Available in silver or green shades, dichondra makes a great ornament in any lawn or garden, if you live in a warm area. It's an easy-to-grow option for either a groundcover or planter. You can grow dichondra as a perennial in warm climates or an annual in colder climates. If you plant it in the ground, it will beautifully carpet your yard or garden. In a planter, dichondra will spill out in a waterfall of lush leaves. Once seeds you've started begin to sprout, you can transplant them and care for beautiful plants in your garden.
Part 1 of 4:Starting Dichondra Seeds
1Purchase seeds 12 weeks before you plan to transplant them outdoors. You'll need this time to start your seeds. You can purchase your seeds from a garden store or online.
When seed shopping, opt for regular green dichondra seeds if you want ground cover.
If you want a lovely cascading ornamental planting, choose silver falls or emerald falls dichondra. Both of these varieties will spill out of the container or bed where they're planted. One is a grayish-silver color, while the other is green.
Alternatively, you could purchase dichondra bedding plants from your local gardening store immediately before planting outdoors, which would allow you to skip starting seeds.
2Start the seeds indoors 12 weeks before the last frost. Dichondra thrive in a warm environment, so you'll need to wait until spring or summer to plant them outdoors. Although you can plant the seeds directly into the ground, it's easier to start them indoors. You'll also see quicker results in your yard or garden!
If you want to plant directly into the soil outdoors, wait until the temperature is consistently above 75 °F (24 °C).
If you live in the United States or Canada, you can find your last frost date by inputting your location into the Almanac's date calculator: https://www.almanac.com/gardening/frostdates
3Fill starter pots ⅔ of the way with a well-draining soil. The soil should be loose, so don't pack it down. Dichondra thrive in drier environments, so it's important that the soil is not waterlogged around the seed or seedlings.
You could also start your seeds in a seed starter potting mix, which you can find at most gardening stores.
4Sprinkle a few seeds in each starter pot. It's best to put more than 1 seed in each pot because not all of them will sprout. If they do all sprout, you can spread out the seedlings when you replant them or snip the weaker sprouts with scissors.
5Cover the seeds with a light layer of soil. You don't need to bury the dichondra seeds. They are more likely to sprout if the top layer of soil is thinner.
If you're planting the seeds directly into the ground outdoors, you can scatter the seeds over your plot and then sprinkle a light layer of soil over them. You can use the existing soil if it's ready for plantings or a well-draining soil purchased from a gardening store.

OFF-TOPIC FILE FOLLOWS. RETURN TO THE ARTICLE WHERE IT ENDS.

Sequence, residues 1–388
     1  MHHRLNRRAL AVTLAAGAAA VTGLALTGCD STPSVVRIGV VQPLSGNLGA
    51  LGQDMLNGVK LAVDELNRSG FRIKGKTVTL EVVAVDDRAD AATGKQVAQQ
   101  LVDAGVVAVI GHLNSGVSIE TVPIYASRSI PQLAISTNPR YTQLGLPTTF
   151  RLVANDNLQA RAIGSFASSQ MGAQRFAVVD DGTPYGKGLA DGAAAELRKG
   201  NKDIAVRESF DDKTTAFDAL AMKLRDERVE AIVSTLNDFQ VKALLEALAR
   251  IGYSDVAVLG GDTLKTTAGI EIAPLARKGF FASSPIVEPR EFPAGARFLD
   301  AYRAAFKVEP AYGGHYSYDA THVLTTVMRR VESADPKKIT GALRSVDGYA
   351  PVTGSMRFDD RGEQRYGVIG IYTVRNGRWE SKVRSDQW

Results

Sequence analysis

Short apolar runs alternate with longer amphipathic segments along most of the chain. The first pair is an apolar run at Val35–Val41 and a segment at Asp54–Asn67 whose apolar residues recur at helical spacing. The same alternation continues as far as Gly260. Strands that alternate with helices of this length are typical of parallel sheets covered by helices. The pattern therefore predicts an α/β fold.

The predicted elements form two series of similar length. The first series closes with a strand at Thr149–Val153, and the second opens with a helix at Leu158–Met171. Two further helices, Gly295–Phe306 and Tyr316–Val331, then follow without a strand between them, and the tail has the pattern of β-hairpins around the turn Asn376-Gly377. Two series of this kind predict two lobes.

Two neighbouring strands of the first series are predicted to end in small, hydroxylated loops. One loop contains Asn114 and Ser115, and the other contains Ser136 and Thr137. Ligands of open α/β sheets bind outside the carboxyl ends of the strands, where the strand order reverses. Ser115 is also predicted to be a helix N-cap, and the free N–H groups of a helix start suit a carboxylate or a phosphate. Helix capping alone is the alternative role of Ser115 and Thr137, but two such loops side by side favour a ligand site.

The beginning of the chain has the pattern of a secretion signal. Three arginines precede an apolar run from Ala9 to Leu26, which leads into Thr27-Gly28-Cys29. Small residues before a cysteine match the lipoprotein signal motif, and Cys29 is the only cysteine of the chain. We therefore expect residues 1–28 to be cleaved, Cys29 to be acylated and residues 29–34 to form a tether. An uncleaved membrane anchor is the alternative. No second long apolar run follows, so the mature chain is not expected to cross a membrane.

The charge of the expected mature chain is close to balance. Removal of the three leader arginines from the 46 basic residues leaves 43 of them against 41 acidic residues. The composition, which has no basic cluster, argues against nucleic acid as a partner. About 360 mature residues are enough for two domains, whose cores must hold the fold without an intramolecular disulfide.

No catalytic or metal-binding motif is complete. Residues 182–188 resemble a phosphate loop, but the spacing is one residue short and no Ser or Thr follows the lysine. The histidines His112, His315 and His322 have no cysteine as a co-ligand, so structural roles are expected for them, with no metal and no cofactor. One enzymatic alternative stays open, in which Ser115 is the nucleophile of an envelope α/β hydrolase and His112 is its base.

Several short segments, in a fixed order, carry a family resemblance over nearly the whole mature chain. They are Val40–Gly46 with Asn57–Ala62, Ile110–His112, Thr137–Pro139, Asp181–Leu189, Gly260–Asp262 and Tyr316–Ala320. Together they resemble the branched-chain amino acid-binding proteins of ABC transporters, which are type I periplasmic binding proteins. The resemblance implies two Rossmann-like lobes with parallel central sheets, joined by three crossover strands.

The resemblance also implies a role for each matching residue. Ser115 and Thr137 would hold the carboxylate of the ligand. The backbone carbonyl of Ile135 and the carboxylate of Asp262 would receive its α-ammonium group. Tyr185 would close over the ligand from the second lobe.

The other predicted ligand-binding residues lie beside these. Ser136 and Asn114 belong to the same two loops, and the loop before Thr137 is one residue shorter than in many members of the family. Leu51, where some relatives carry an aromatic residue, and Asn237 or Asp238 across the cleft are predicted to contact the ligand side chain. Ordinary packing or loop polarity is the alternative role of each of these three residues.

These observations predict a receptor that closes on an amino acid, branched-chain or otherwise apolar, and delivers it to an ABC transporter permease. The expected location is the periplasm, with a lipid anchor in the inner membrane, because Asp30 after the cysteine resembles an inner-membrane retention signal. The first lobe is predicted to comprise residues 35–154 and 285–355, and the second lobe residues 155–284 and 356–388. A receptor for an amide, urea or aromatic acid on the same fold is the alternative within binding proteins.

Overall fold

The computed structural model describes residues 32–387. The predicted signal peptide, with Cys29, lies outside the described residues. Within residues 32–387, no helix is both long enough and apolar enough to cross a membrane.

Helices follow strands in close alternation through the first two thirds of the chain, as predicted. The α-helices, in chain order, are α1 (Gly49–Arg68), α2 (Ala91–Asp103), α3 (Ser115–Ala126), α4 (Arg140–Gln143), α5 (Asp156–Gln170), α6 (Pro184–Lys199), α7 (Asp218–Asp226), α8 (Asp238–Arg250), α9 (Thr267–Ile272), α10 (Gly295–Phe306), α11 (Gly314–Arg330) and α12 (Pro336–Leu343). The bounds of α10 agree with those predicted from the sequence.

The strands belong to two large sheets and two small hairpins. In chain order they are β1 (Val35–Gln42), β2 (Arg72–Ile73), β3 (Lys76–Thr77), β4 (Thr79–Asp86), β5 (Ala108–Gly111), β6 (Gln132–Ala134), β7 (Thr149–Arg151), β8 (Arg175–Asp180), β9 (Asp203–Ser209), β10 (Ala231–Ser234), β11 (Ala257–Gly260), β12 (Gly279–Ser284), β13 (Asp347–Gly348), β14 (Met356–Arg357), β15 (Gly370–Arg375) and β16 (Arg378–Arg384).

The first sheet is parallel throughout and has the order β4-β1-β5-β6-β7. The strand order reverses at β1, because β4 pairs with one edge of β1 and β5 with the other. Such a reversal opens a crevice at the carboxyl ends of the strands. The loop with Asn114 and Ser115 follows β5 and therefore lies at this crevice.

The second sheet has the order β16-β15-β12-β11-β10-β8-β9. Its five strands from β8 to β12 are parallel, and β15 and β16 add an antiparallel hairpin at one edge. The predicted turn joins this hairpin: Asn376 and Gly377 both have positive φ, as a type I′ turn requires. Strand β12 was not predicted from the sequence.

6Place the seeds in a warm, sunny spot. The best place to put them is on a windowsill that gets sun throughout the day. Dichondra need warmth, so make sure the temperature of the room where they're kept stays above 75 °F (24 °C).
For example, you could keep your dichondra seeds on your kitchen windowsill.
7Keep the soil moist while you wait for the sprouts to appear. Check the soil to see if it's moist by touching the soil. If it's dry, mist it with water. It will likely take 1 to 2 weeks for your seeds to sprout.
You may need to sprinkle water over the soil about 3 times a day, especially if they're outside. Plan to mist your soil often, but make sure that you don't see any standing water before you spray the plants.
You can find a small spray bottle to mist the plants with at a garden store or online.
8Transplant your dichondra after 7-8 weeks. When they're ready for transplant, you should see several leaves sprouting on the plants. You can replant them in either a pot or the ground, depending on your preference.
9Wait until spring or early summer to plant outdoors. Dichondra grow best under warm conditions, so wait until spring is in full swing before your planting. If there's a threat of cooler temperatures, it's best to wait.
It's best to wait until the temperature is consistently above 75 °F (24 °C).
10Harden off your plants by placing them outside for a few hours each day. Do this for 1 week before you plant them outside. Start with 2 hours outdoors each day, slowly extending the time the plants spend outdoors. This will prevent the plants from getting shocked when you place them outside.
Make sure that the seedlings are protected from the wind when they're placed outside. You can protect them by placing them next to a wall, fence, or other structure that blocks part of the wind.
Part 2 of 4:Transplanting Dichondra in the Ground
1Decide if you want a ground cover. Dichondra is a flexible plant that can be used as a plush covering for a flower bed or yard, or it can be used as an accent to your garden or home. Planted in the ground, dichondra will spread out, forming a lush carpet. It can form the base of your flower bed or replace grass. If you want a ground cover, you should prepare a spot in your yard.
This plant is a perennial in warm climates and will thrive as a ground cover or turf alternative in USDA hardiness zones 10-11.
2Select a warm spot that gets at least part sun. Check your yard for an area that gets at least 3 hours of sun each day but it can be partially shaded. Dichondra thrive in partial to full sun. Shade can come from your home, a fence, a garden wall, or a similar large structure.
It's a good idea to observe your yard every day for a week or 2 before you plant your dichondra. Go outside at different times of the day to see how sunny the spot is at that hour.
3Make sure the area has good drainage. You can check the drainage by observing the spot after it rains. If the soil drains well, then you shouldn't see pooling water. This means the spot should be good for your planting.